New Italian Migrations to the United States
About the BookThis second volume of New Italian Migrations to the United States explores the evolution of art and cultural expressions created by and about Italian immigrants and their descendants since 1945. The essays range from an Italian-language radio program that broadcast intimate messages from family members in Italy to the role of immigrant cookbook writers in crafting a fashionable Italian food culture. Other works look at how exoticized actresses like Sophia Loren and Pier Angeli helped shape a glamorous Italian style out of images of desperate postwar poverty; overlooked forms of brain drain; the connections between countries old and new in the works of Michigan self-taught artist Silvio Barile; and folk revival performer Alessandra Belloni's reinterpretation of tarantella dance and music for Italian American women. In the afterword, Anthony Julian Tamburri discusses the nomenclature ascribed to Italian American creative writers living in Italy and the United States.
Contributors: John Allan Cicala, Simone Cinotto, Teresa Fiore, Incoronata (Nadia) Inserra, Laura E. Ruberto, Joseph Sciorra, and Anthony Julian Tamburri.
About the AuthorLaura E. Ruberto is a professor of humanities in the Arts and Cultural Studies Department at Berkeley City College. She is the author of Gramsci, Migration, and the Representation of Women’s Work in Italy and the U.S. Joseph Sciorra is the director for Academic and Cultural Programs at the John D. Calandra Italian American Institute, Queens College, CUNY. He is the author of Built with Faith: Italian American Imagination and Catholic Material Culture in New York City. They are coeditors of New Italian Migrations to the United States, Volume 1: Politics and History since 1945.
Also by this author
Reviews"New Italian Migrations to the United States contributes to the growth of academic knowledge regarding the general knowledge of Italian-Americans." --i-Italy
"Editors Ruberto and Sciorra have provided an excellent resource for both students and researchers of Italian-American Studies, and of Italian Americans, whether referring to the "imaginary Italians" to whom the volume is dedicated, or the "real Italians" who grace its pages." --Quaderni d'italianistica
"The volume, as a whole, is a pleasant read and a welcomed new and forward-looking perspective on Italian migration. " --Italica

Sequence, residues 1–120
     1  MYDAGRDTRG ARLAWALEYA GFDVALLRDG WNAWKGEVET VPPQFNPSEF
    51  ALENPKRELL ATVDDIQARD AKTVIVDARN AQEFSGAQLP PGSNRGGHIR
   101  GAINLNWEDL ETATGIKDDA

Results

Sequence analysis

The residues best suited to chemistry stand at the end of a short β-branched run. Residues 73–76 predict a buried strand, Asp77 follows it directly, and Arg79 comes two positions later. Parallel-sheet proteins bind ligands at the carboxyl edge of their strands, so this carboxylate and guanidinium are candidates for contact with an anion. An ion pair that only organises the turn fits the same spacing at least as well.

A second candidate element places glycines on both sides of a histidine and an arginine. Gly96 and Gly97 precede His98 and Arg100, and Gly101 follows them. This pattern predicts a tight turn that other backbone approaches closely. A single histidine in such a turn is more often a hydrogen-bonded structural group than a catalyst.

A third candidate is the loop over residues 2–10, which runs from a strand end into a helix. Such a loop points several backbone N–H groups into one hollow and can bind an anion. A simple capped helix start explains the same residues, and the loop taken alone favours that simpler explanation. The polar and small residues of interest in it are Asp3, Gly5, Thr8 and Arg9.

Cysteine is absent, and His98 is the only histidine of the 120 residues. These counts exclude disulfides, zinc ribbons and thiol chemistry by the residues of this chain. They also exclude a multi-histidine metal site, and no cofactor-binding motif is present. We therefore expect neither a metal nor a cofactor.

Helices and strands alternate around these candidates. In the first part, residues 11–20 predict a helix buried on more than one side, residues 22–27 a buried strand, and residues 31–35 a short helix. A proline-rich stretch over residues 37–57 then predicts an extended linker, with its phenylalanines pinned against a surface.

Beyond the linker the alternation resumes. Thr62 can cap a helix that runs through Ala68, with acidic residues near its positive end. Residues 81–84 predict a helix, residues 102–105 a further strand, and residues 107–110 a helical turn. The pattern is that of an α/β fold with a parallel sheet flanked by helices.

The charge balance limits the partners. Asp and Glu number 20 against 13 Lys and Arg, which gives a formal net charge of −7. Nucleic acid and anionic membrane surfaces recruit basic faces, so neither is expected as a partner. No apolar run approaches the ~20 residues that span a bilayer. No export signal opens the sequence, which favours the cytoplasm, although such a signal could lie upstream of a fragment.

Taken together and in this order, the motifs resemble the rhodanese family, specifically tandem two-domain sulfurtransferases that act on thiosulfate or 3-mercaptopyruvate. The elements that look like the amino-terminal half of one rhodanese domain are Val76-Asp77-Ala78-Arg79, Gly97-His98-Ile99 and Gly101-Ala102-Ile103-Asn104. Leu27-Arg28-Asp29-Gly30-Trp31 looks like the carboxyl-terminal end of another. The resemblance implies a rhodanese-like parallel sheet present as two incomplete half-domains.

"Laura E. Ruberto and Joseph Sciorra have constellated exacting, often revelatory treatments of the 'rebooting of Italian America' from 1945 to present: radio-conducted familial intimacies, an iconography of luscious Italian female beauty, the U.S. conquests of Italian cuisine, the brain drain of Italian elites into the American academy, and more. Volume two of New Italian Migrations to the United States is of timely value not only to Italian Americanists but to all scholars of late-century cultural flows, which turn out to be globally incorporative and transformatively procreative not despite but because they are ethnic specific and mass-mediated."--Thomas J. Ferraro, author of Feeling Italian: The Art of Ethnicity in America
"Carefully grounding their analyses in the historical and socio-political contexts of the Italian diasporic exodus to the United Studies, the anthology’s contributors examine the cultural work by and about Italian immigrants from 1945 to the present. In six engaging essays, they establish the critical vocabulary needed to chart the range of expressive forms that are forging contemporary Italian American identities across arts, media and communities while testifying to the on-going vitality and impact of Italian Americana for the globalized world of the twenty-first century."--Norma Bouchard, coauthor of Italy and the Mediterranean: Words, Sounds, and Images of the Post-Cold War Era
"The importance of this collection lies not merely in its historical testimony to the centrality of migration in the making of modernity and the contemporary United States, but also, and most profoundly, in drawing us into the multiple threads deeply woven into the artistic and cultural understandings of a world always unwilling to recognize the profound injustices on which it continues to base its authority."--Iain Chambers, author of Mediterranean Crossings: The Politics of an Interrupted Modernity